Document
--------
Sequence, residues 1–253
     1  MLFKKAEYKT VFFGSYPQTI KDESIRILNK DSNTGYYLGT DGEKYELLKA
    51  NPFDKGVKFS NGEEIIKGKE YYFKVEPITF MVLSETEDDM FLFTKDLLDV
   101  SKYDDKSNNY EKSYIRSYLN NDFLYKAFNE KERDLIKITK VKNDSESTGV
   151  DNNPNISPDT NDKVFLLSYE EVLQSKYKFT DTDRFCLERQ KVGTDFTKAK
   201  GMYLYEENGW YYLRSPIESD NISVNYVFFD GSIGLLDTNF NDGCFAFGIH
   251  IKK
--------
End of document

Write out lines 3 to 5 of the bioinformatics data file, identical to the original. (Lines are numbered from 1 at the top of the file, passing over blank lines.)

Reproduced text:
    51  NPFDKGVKFS NGEEIIKGKE YYFKVEPITF MVLSETEDDM FLFTKDLLDV
   101  SKYDDKSNNY EKSYIRSYLN NDFLYKAFNE KERDLIKITK VKNDSESTGV
   151  DNNPNISPDT NDKVFLLSYE EVLQSKYKFT DTDRFCLERQ KVGTDFTKAK